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Re: Forgery and Unprovenanced artifacts (was: Ryan Byrne's commentary on the $lmt seal: Seals of Women, Epigraphy, Iconogr)

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  • lmlkes
    Dear Dr. Peter van der Veen and Listers, Hi!!! Here are some more details on Iconography and Epigraphy. The finds from Tell el Mazar and the finds from Tel
    Message 1 of 8 , Feb 9, 2008
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      Dear Dr. Peter van der Veen and Listers, Hi!!! Here are some more
      details on Iconography and Epigraphy. The finds from Tell el Mazar
      and the finds from Tel Goren or Ein or En-gedi are discussed in Dr.
      Ephraim Stern's mammoth sized book En-Gedi Excavations I Final Report
      (1961-1965)(2007) on pages 256-257. On page 256 there are pictures of
      two Neo-Babylonian Seals. I agree with Dr. van der Veen that these
      seals are to be generally dated to 550 to 450 B.C. The problem is
      these seals are not good parallels with the seal of ShLMT. The seal
      of ShLMT is scaraboidal whereas these Neo-Babylonian seals are
      usually pyramidal conical or pyramidal octagonal, and are usually
      made from higher quality stone like chalcedony or agate. There is
      usually only ONE schematic priest figure before an even more
      schematic altar. Mr. Yitzhak Sapir in an earlier post mentioned in
      passing a seal that was excavated in Samaria. I believe it is WSS
      1078. These types of seals with TWO figures which are less schematic
      are more closer parallels to the seal of ShLMT. This WSS 1078 is very
      close but is not dated. Other seals include WSS 1026 in the Moabite
      section. It could easily be Hebrew because it has the extra tick on
      the Yod, which is characteristic of the Samaria Ostraca and the LMLK
      Ziph two-winged sun disc seals. It is dated to the 8th -7th
      Centuries. There is also in the Moabite section WSS 1043 (7th Cent.),
      1044 (7th Cent.) and 1047 (Not Dated). Under Edomite there is WSS
      1053 (early 6th). Under Moabite or Edomite seals there is WSS 1058
      (Not Dated), which looks very close. In the Phoenician section there
      is WSS 738 (9th-8th Cents.) In the Hebrew section there is WSS 154
      (No Date) and WSS 402 A, B, ( Dated mid-7th Cent. in Avigad's Hebrew
      Bullae Book). I am sure that I missed a few seals. These Two Figure
      scaraboidal parallels seem to be the seals to concentrate on. Like I
      mentioned previously we have all FOUR Hebrew letters contained on
      excavated LMLK MMShT two-winged sun disc seals in Jerusalem and
      Lachish, that are firmly dated to the late eighth century. There is
      no need to go to the Aramaic laguage when this is a Hebrew
      inscription found in a specific find spot in Jerusalem. These further
      arguments combined with Dr. Byrne's examples make a pre-exilic date
      seem much more likely. I look forward to Your Comments.
      With Much Gratitude,
      Sincerely Yours,
      Michael Welch
      Deltona, Florida
      --- In ANE-2@yahoogroups.com, "Peter van der Veen"
      <van_der_Veen@...> wrote:
      >
      > Dear Mike,
      >
      > Thank you for your concern to discuss the authenticated Hezekiah
      bullae. I am glad you did. When they are shown to be genuine, then we
      should be happy about it.
      >
      > But I do not like so much your definition of unprovenanced when a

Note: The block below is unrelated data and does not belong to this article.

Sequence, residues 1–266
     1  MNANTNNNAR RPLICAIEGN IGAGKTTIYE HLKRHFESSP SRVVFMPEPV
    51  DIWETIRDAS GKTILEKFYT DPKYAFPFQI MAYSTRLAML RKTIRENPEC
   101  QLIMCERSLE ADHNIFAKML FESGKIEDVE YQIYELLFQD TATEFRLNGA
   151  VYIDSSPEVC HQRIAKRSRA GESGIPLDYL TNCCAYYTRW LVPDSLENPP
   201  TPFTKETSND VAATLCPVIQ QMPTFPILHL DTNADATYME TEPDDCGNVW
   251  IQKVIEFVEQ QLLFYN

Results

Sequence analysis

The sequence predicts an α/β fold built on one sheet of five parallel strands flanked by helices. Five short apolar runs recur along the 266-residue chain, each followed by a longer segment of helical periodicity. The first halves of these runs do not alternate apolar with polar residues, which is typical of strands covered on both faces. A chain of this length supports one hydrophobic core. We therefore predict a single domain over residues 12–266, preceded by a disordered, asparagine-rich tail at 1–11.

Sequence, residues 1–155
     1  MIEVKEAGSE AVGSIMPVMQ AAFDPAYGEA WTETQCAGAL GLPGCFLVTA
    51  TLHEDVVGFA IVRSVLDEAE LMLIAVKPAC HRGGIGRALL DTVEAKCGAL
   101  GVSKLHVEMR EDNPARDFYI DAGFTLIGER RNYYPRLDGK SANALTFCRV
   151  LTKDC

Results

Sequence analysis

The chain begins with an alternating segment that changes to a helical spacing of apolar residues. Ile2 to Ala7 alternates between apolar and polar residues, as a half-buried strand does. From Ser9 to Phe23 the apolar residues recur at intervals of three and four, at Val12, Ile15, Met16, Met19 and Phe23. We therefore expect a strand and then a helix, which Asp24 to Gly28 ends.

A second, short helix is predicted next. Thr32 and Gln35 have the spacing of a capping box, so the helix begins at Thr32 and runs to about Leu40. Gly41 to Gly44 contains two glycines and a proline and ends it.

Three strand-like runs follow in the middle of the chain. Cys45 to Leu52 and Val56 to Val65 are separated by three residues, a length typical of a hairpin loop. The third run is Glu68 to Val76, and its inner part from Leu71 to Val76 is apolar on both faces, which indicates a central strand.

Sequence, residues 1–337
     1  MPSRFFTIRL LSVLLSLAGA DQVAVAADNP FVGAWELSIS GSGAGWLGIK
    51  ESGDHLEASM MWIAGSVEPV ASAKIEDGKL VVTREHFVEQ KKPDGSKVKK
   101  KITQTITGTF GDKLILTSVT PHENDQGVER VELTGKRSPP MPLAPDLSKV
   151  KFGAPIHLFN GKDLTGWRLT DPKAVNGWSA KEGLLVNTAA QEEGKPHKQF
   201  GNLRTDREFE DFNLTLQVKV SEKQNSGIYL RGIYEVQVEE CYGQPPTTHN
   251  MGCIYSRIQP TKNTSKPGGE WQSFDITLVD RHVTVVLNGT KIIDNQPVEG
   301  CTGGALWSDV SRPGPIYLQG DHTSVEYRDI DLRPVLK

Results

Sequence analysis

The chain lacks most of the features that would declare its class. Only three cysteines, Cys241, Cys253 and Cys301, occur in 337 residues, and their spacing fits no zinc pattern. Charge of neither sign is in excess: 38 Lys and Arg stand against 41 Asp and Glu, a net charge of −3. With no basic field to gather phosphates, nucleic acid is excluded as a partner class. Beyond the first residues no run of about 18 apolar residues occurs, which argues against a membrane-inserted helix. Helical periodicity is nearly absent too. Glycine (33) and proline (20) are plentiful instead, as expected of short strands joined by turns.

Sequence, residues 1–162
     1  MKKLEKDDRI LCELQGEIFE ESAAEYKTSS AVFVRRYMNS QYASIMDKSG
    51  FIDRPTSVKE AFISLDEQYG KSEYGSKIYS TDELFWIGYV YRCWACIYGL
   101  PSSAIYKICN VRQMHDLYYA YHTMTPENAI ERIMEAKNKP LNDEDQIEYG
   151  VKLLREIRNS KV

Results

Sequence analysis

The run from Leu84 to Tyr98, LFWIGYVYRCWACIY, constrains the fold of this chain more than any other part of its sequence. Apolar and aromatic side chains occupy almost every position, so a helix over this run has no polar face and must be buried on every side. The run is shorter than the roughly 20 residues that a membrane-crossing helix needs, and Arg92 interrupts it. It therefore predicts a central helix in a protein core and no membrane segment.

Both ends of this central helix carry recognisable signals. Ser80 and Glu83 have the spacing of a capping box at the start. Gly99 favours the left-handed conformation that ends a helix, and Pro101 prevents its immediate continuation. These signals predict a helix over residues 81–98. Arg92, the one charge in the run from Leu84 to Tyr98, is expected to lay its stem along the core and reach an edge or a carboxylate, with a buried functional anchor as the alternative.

seal or bulla comes from an archaeological site. Of course you are
      completely right that the exact context of several seals and bullae
      is not known. E.g. the famous Gedalyahu 'sr 'lhbyt bulla from Lachish
      was not stratified contrary to what many believe even in print (it
      probably did come originally from Stratum II, but its findspot does
      not tell us). Still they are not unprovenanced. We know from which
      site they come, something we unfortunately do not normally know with
      unprovenanced pieces acquired from the antiquities market. Surely
      nobody having 'faked' a piece or worse having discovered a genuine
      piece somewhere on the surface at an unknown site would throw it away
      on a spoil heap at an archaeological site, just to entertain
      archaeologists. Hence I would differentiate between unstratified and
      unprovenanced. An unstratified find still has priority over an
      unprovenanced piece. I agree with you that the latter class cannot be
      simply ignored, but they must be used wisely and with great prudence.
      >
      > Best
      > Peter van der Veen PhD
      >
      > -------- Original-Nachricht --------
      > > Datum: Wed, 06 Feb 2008 22:35:03 -0000
      > > Von: "lmlkes" <mbj11@...>
      > > An: ANE-2@yahoogroups.com
      > > Betreff: [ANE-2] Re: Forgery and Unprovenanced artifacts (was:
      Ryan Byrne\'s commentary on the $lmt seal: Seals of Women, Epigraphy,
      Iconogr)
      >
      > > Dear Mr. Sapir and Listers, Hi!!! I Thank You for taking the time
      to
      > > write your reply. I respect your position, and I understand it.
      You
      > > want to be very careful. I do too. Concerning your question what
      can
      > > we learn from unprovenanced material, I can say that from the two
      > > unprovenanced bullae that have recently been authenticated by
      > > Professor Goren, we can learn several things. On one bulla there
      is a
      > > two-winged sun disc whose central device, a sun orb with six
      rays,
      > > three on the top and three on the bottom, (probably reflecting a
      > > Hittite in orgin type sun disc), shows up as the central device
      on
      > > thirteen two-winged sun disc LMLK seals of King Hezekiah. On King
      > > Hezekiah's second unprovenanced bulla we have more of an Egyptian
      > > iconographical device, a two-winged scarab. King Hezekiah chose a
      > > four-winged scarab on the other eight LMLK seals that were used